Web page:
45% of studies explicitly mentioned whether they were reporting ITT or TOT estimates. However, if we include the implied cases, closer to 90% of papers report this. While a great improvement, this means that for 10% of papers it is really unclear what they are reporting. Notably, this variable was the hardest to code, judging by the disagreement among coders, and we can presume that laypeople would have even greater difficulty interpreting the results; for them, the 45% statistic might be the more relevant one. This issue affected both working papers and published papers; published papers actually fared slightly worse, although the sample size of working papers was small so this isn’t very meaningful.
2) Only 75% of papers discuss attrition.
The definition of “discussing attrition” here is very broad. AidGrade used a very liberal coding rule that indicated whether the papers made any mention of attrition whatsoever. The 75% that discussed attrition didn’t necessarily take any measures to adjust their results accordingly, they simply mentioned whether anyone dropped out over the course of the study. Again, as a reader, if we don’t know about the possible self-selection bias embedded in a paper’s results, we really do not know what the results mean.
3) Details about the intervention and its context are frequently left unstated.
For example, the timing of the intervention vis-à-vis the follow-up data collection is often unclear. Authors might write that a program started in 2010 and data collection was completed in 2012. Missing from this description: when the intervention ended, when data collection began, and more finely grained information such as the relevant month. The relative timing of the intervention and any follow-up data collection is more important for time-sensitive interventions, but a lot of papers could do better here.
Costs are also largely invisible. Few papers discuss the costs and benefits of the programs they evaluated, apart from an occasional back of the envelope calculation at the end of a paper. When different kinds of interventions targeting the same outcome can vary in costs a thousand fold, costs become an important component of determining whether the topic is worth discussing in the first place.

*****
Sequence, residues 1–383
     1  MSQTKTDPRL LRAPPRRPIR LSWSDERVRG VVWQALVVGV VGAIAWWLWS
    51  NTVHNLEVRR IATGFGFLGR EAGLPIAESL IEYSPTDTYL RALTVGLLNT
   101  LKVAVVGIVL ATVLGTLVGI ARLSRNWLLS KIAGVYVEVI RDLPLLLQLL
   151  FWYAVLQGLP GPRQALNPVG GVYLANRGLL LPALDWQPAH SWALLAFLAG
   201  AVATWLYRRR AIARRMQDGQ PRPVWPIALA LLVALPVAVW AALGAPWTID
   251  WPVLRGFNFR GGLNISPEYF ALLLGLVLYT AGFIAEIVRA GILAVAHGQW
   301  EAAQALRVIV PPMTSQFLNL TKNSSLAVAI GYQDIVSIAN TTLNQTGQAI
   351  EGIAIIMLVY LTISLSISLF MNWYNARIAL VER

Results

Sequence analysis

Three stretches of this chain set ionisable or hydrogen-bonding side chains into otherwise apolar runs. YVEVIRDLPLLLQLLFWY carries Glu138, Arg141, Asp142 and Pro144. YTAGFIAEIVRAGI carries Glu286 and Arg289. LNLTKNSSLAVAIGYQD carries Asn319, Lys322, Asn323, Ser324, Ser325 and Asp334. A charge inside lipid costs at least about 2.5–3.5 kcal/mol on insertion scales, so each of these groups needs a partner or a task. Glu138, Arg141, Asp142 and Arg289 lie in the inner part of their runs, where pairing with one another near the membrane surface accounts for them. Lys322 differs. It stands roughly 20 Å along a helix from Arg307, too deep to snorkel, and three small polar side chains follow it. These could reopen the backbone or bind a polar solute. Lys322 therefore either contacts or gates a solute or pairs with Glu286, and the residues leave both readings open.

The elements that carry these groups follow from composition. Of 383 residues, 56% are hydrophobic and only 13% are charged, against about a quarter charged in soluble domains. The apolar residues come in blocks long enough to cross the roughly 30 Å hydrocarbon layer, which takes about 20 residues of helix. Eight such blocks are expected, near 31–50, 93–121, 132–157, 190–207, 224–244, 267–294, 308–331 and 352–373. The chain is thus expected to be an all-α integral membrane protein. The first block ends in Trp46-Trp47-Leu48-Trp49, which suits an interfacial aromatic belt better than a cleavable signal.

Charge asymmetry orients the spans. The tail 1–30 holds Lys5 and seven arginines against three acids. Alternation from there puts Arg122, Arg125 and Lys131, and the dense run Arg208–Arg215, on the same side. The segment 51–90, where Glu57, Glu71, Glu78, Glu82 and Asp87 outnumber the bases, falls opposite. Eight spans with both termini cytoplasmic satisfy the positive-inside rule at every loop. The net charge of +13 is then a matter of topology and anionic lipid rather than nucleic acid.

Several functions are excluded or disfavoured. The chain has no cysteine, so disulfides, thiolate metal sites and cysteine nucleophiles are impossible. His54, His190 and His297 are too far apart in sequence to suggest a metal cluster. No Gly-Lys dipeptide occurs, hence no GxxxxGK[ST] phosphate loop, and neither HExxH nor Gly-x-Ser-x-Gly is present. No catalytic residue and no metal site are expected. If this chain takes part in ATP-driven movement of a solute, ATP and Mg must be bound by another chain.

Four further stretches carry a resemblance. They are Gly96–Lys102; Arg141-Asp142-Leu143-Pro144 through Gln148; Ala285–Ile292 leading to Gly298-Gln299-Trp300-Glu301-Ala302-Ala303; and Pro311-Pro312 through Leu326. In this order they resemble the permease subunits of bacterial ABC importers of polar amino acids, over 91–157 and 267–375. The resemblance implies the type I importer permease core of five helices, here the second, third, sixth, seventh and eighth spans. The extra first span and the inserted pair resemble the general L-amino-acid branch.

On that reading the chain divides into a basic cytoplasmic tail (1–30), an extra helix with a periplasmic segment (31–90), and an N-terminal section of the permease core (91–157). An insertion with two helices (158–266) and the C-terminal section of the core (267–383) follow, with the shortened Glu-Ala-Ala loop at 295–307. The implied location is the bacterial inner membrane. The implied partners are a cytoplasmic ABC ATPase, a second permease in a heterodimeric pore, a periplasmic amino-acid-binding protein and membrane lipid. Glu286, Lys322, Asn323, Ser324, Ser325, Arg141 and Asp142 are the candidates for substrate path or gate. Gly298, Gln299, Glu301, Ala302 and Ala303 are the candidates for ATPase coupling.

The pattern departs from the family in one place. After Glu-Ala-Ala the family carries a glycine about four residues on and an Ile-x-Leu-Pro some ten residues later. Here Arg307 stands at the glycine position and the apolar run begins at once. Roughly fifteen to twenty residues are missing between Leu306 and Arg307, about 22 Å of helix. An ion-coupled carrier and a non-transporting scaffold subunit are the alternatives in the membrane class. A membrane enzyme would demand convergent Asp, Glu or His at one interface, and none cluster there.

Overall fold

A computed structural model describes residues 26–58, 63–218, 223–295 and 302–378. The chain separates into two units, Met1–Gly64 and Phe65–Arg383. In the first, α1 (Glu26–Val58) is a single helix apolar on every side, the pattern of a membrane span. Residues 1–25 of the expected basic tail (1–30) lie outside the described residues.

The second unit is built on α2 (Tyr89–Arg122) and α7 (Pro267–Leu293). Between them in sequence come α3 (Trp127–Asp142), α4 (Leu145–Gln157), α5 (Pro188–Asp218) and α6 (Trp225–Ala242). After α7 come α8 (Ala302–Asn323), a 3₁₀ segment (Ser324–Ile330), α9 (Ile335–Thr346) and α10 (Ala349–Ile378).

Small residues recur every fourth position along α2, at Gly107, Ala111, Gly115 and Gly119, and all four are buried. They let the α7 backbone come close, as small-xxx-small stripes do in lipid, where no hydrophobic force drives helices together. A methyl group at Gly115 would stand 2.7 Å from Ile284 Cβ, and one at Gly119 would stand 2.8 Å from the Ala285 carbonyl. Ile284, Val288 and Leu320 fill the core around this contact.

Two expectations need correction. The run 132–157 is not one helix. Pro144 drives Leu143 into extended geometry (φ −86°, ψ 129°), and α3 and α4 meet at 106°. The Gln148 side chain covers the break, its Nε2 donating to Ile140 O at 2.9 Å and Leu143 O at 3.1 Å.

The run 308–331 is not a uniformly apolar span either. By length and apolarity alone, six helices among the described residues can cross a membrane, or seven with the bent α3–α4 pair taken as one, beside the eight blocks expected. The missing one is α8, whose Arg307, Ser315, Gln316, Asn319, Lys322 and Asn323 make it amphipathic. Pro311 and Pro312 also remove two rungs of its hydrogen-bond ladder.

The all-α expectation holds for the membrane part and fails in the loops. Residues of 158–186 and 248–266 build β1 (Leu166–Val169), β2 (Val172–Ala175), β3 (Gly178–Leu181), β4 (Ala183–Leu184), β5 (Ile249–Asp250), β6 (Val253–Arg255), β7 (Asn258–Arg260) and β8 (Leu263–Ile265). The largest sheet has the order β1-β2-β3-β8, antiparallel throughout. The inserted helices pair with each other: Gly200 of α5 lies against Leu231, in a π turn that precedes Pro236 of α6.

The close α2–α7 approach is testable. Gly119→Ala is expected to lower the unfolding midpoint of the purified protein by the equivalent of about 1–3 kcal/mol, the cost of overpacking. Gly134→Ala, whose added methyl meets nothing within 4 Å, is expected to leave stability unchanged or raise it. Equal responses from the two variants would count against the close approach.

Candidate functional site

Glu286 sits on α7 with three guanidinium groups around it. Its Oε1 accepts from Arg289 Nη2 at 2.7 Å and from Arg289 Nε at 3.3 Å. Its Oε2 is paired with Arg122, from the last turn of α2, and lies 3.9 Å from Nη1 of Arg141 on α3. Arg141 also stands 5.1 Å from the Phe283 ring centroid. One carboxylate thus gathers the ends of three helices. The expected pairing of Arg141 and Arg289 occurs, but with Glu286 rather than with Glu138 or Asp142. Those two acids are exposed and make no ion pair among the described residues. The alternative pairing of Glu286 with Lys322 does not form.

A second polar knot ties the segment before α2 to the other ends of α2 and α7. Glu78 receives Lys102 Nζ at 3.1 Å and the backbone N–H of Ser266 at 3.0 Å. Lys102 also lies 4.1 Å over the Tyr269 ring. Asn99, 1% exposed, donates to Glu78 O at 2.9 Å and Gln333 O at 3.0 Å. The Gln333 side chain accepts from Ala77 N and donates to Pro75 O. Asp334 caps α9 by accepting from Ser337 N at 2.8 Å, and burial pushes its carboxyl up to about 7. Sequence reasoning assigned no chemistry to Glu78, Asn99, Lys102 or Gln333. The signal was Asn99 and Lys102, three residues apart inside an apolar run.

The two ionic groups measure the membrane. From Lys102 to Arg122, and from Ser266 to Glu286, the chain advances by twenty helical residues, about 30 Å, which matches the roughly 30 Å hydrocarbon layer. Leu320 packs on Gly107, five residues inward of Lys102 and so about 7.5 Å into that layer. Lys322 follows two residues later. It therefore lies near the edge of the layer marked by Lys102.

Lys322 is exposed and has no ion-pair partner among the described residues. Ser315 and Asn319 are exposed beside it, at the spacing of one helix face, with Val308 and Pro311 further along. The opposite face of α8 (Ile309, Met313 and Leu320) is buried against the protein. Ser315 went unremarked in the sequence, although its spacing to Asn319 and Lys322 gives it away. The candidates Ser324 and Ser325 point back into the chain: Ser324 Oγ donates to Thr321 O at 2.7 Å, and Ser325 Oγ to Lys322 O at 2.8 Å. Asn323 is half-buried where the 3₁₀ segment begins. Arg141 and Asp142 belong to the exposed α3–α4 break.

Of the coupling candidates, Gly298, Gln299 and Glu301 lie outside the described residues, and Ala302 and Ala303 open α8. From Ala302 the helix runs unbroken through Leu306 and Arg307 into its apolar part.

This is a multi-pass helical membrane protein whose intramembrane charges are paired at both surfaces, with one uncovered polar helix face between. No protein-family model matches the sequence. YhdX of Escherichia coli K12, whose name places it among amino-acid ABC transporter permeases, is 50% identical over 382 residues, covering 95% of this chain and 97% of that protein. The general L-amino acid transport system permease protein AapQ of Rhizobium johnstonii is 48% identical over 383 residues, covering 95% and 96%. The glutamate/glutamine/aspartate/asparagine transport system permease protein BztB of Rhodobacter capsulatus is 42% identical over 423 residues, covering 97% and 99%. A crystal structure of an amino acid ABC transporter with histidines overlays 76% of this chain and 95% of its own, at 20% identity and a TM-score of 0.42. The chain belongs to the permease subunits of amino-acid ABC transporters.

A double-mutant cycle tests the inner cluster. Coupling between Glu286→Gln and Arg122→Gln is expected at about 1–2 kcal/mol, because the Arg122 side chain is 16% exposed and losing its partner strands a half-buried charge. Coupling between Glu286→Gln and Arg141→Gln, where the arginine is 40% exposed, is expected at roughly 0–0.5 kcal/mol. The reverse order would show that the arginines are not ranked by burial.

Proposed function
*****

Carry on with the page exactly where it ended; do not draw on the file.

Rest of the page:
There is also a more general disregard for context. Knowing about the context of the program might be seen as a bit of a luxury, since it doesn’t affect the internal validity of the study and it is assumed that papers will have no external validity. Still, the norms of development economics require authors to mention what country an impact evaluation is in. How about other equally important information on how the program was implemented?
Apart from these general points, miscellaneous errors abound. Similar to Tolstoy’s statement that happy families are all alike but each unhappy family is unhappy in its own way, well-reported impact evaluations are all alike, but every poorly-reported impact evaluation is poorly reported in its own way. Sometimes you will see that an impact evaluation reports test scores, for example, without giving any clue as to the scale of the test or whether the scores are normalized. Or you might see a paper that provides the results in chart form – a visual which can be quite helpful at conveying results – without providing the actual numbers anywhere.
While researchers do a good job overall of presenting their findings, there is clearly still room for improvement. Authors, knowing their own papers very well, may sometimes neglect to mention key details that could help others interpret their results. When so many resources have been put into an impact evaluation, and when results could potentially feed back into policy, it’s important to pay more attention to reporting.
Eva Vivalt is a Young Professional in the Development Research Group at the World Bank.
[1] Independent Evaluation Group (2012). “World Bank Group Impact Evaluations: Relevance and Effectiveness”.